And, “worship in truth”? Several matters may be involved here. Jesus has already commended this dear lady as being “truthful” about her life. Thus, the true worshipper would be a person who was truthful or honest. But, Jesus also believed that God’s “word is Truth.” [John 17:17] He has told the woman that she worshipped “what she did not know.” Thus, true worship would involve a “full knowledge of the truth” as found in that same Book Jesus relied on. [2 Timothy 2:25 NCMM; 3:15-7] In addition to that Hebrew Bible called the Old Testament, Jesus himself indicates that some of his inspired disciples would produce their own “word.” And, this would be the basis for building the faith of others. [John 17:17, 20]
The early Christian Church did worship in “spirit and truth.” We see them relying on prayer often in the book of Acts and elsewhere. We see them singing hymns. We see them offering public praise as well as preaching and teaching the public.
Paul outlines home church meetings in 1 Corinthians chapter 14 where prayer, hymns, encouragement and education were all involved.
In addition to the above, there was another matter involved in Christian worship - charity. Paul compares charity and hospitality to sacrificial worship:
“By means of [Christ] let us continually offer up a sacrifice of praise to the God - that is, the fruit of lips confessing his name. Also, do not forget doing good and sharing [with others], for with such sacrifices the God is favorably pleased.” [Hebrews 13:15, 16 NCMM]
The disciple James also adds charity to formal worship:
Pure and undefiled worship before The God, even the Father, is this: to visit orphans and widows in their afflictions. … My brothers, what is the profit if anyone says, “I have conviction,” but does not have works? Is just his conviction able to save him? [For example], if a brother or sister is living without adequate clothing and lacks daily food, and anyone of you says, ‘Go in peace. Keep warm and well fed’ -- but do not give them their bodily necessities -- what is the profit? Just so, conviction without works is dead by itself. [James 1:27; 2:14-17 NCMM]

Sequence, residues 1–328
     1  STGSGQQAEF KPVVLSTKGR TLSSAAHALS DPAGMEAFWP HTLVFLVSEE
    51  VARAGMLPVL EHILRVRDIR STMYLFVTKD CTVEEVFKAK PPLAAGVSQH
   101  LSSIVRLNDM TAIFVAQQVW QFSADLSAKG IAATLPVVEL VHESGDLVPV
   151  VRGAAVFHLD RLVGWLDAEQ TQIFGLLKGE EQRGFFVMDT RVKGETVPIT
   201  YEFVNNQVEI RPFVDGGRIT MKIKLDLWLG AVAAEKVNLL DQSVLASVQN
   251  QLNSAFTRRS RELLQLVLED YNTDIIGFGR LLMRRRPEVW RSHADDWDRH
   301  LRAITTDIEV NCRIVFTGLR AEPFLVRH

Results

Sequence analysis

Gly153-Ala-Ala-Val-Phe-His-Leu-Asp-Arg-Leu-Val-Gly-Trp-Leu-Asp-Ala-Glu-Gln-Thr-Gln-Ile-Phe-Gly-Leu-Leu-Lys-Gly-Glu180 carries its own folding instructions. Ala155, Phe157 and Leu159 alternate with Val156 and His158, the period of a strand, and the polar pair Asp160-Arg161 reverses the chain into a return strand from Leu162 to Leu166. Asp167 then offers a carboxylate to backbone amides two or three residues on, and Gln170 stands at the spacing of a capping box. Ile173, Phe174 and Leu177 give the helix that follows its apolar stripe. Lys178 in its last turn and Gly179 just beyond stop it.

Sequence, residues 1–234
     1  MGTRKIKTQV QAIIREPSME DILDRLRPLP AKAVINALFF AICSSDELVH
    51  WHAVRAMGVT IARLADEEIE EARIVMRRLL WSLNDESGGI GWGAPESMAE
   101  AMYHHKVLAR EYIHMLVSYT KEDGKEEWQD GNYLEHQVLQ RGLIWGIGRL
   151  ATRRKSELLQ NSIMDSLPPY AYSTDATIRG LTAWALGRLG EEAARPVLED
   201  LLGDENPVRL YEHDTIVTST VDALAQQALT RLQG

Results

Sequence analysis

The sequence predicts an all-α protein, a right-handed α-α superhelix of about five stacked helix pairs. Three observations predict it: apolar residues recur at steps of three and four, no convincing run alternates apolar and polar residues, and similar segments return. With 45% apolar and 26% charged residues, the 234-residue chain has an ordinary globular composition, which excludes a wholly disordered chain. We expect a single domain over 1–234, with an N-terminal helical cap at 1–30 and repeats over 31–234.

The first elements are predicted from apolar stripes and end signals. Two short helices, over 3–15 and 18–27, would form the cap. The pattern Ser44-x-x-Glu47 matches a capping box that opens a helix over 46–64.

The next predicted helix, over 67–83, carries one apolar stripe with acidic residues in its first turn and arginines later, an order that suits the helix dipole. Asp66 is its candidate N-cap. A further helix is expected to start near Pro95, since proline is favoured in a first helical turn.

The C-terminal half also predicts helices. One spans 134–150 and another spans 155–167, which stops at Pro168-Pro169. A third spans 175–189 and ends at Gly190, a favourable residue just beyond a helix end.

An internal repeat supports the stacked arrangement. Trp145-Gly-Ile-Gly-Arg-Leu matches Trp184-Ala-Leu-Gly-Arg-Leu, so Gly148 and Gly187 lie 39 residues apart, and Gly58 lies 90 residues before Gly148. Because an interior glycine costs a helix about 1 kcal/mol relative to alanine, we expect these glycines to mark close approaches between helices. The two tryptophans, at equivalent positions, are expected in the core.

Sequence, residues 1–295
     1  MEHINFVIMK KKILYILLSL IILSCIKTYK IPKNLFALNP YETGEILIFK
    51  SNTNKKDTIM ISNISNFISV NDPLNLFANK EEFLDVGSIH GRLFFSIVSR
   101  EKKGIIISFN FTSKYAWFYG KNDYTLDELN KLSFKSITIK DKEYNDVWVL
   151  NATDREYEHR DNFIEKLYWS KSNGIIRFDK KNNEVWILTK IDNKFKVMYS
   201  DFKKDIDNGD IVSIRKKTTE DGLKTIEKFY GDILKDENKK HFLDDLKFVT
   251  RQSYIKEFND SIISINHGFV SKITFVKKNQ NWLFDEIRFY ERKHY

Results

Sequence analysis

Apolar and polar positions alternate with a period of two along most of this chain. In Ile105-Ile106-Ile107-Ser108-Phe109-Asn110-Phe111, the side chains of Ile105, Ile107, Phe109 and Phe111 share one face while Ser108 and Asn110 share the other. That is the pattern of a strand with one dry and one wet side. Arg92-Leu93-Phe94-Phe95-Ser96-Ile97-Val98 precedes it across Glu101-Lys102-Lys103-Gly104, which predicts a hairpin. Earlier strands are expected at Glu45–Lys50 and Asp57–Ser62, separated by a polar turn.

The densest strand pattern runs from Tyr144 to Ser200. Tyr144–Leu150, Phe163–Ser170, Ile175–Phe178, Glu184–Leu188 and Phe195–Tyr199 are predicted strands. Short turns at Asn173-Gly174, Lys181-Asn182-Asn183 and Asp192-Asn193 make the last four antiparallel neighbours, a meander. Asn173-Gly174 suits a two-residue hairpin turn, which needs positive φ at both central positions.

Thus, the uncharitable person does not “worship in spirit and truth.”
A review of worship that is acceptable to God helps us find a balance in all of these facets. We read with a different perspective the godly psalm:
“I don't rebuke you for your sacrifices. Your burnt offerings are continually before me. I have no need for a bull from your stall, Nor male goats from your pens. For every animal of the forest is mine, And the cattle on a thousand hills. I know all the birds of the mountains. The wild animals of the field are mine. If I were hungry, I would not tell you, For the world is mine, and all that is in it. Will I eat the flesh of bulls, Or drink the blood of goats? Offer to God the sacrifice of thanksgiving. Pay your vows to the Most High. Call on me in the day of trouble. I will deliver you, and you will honor me. … Whoever offers the sacrifice of thanksgiving glorifies me, And prepares his way so that I will show God's salvation to him." [Psalm 50:8-15, 23 WEB]
The prophet Micah echoes the same thought:
“How shall I come before Yahweh, And bow myself before the exalted God? Shall I come before him with burnt offerings, With calves a year old? Will Yahweh be pleased with thousands of rams? With tens of thousands of rivers of oil? Shall I give my firstborn for my disobedience? The fruit of my body for the sin of my soul? He has shown you, O man, what is good. What does Yahweh require of you, but to act justly, To love mercy, and to walk humbly with your God?” [Micah 6:6-8 WEB]
May salvation be yours because you worship the God Yehowah “in spirit and truth”!
Nazarene Commentary 2000© by Mark Heber Miller